An outline of the test the authors want:

  1. When an auction is selling an item.
  2. And an auction sniper has started to bid in that auction.
  3. Then the auction will receive a join request from the auction sniper.
  4. When an auction announces that it is closed,
  5. Then the auction sniper will show that it lost the auction.

The fake auction (stub) will be as simple as possible. It will connect to an XMPP message broker, receive commands from the sniper to be checked by the test, and allow the test to send back events.

We want our skeleton test to exercise our application as close to end-to-end as possible, to show that the main() method initializes the application correctly and that the components really work together... We also want our tests to be clear about what is being checked, written in terms of the relationship between a sniper and its aucton... We'll start by writing the test as if all the code it needs exists and will fill in the implementations afterwards.


public class AuctionSniperEndToEndTest {
  private final FakeAuctionServer auction = new FakeAuctionServer("item-54321");
  private final ApplicationRunner application = new ApplicationRunner();

  @Test public void sniperJoinsAuctionUntilAuctionCloses() throws Exception {
    auction.startSellingItem();
    auction.startBiddingIn(auction);
    auction.hasReceivedJoinRequestFromSniper();
    auction.announceClosed();
    application.showsSniperHasLostAuction();
  }

  @After public void stopAuction() {
    auction.stop();
  }

  @After public void stopApplication() {
    application.stop()
  }


Naming conventions adopted in the above code:

One of the assumptions that are made in the code above is that a FakeAuctionServer is tied to a given item. Where an auction house hosts multiple auctions that each sell a single item.

The test is only concerned with snippers and auctions, no user interfaces or messaging layers/components, which protects us from implementation changes.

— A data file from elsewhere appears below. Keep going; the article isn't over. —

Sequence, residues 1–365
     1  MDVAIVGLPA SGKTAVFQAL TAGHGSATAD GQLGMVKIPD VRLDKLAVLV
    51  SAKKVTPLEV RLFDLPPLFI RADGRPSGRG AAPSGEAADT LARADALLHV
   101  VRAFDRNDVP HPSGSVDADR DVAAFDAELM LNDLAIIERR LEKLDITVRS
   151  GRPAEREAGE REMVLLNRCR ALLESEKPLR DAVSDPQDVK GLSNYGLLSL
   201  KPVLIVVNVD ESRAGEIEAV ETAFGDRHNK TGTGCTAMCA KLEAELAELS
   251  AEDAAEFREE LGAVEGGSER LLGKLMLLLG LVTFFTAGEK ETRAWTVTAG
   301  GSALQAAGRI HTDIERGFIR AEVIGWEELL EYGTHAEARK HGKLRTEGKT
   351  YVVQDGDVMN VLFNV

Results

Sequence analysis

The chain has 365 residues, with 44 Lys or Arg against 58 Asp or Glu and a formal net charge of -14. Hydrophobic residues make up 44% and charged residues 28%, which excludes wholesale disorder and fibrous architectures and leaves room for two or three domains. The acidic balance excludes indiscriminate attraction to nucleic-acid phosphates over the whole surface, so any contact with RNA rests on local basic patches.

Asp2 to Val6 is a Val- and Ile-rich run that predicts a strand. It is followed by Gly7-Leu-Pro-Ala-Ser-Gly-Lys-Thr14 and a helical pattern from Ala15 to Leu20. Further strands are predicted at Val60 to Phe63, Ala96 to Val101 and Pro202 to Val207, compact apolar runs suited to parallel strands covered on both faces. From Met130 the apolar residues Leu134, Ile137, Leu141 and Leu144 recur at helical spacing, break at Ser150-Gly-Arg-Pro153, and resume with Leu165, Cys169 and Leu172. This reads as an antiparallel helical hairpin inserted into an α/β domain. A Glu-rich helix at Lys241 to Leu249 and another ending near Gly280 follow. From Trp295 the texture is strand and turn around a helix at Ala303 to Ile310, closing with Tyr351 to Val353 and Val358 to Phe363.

Making the end-to-end test pass

We need to find or write four components: an XMPP message broker, a stub auction that can communicate over XMPP, a GUI testing framework, and a test harness that can cope with the multithreaded, asynchronous architecture. Also need to get the project under version control with an automated build/deploy/test process.

End-to-end testing for event-based systems have to cope with asynchrony. The tests run in parallel with the application and do not know precisely when the application is or isn't ready. This is unlike unit testing, where a test drives an object directly in the same thread and so can make direct assertions about its state and behaviour.

An end-to-end test can't peek inside the target application, so it must wait to detect some visible effect, such as a user interface change or an entry in a log. The usual technique is to poll for the effect and fail if it doesn't happen within a given time limit. There's a further complexity in that the target application has to stabilize after the triggering event long enough for the test to catch the result. An asynchronous test waiting for a value that just flashes on the screen will be too unreliable for an automated build, so a common technique is to control the application and step through the scenario.

While unit tests must all pass every time, some teams only report end-to-end tests that fail several times in a row.

Going to stop here for now, the end-to-end test code is going to take a fresh session to process properly.

It has really helped me to read this and not get stuck over the things that I don't know how to do yet. The first few attempts at reading this book has been really slow going. This time I skipped to the chapters that I could try and outline the key stuff I might need to do when attempting to do this myself. Finding it difficult to even do this tells me that the book is targeted at someone with a lot more experience that me. But that's okay, as I get more experience, a lot of this will just click. It's already getting easier to understand than it was before.

Takeaway action: I'm going to attempt to set up my own, if clumsy end-to-end test in Ruby. Will probably look for a tutorial to copy first, then try and do one for my own project.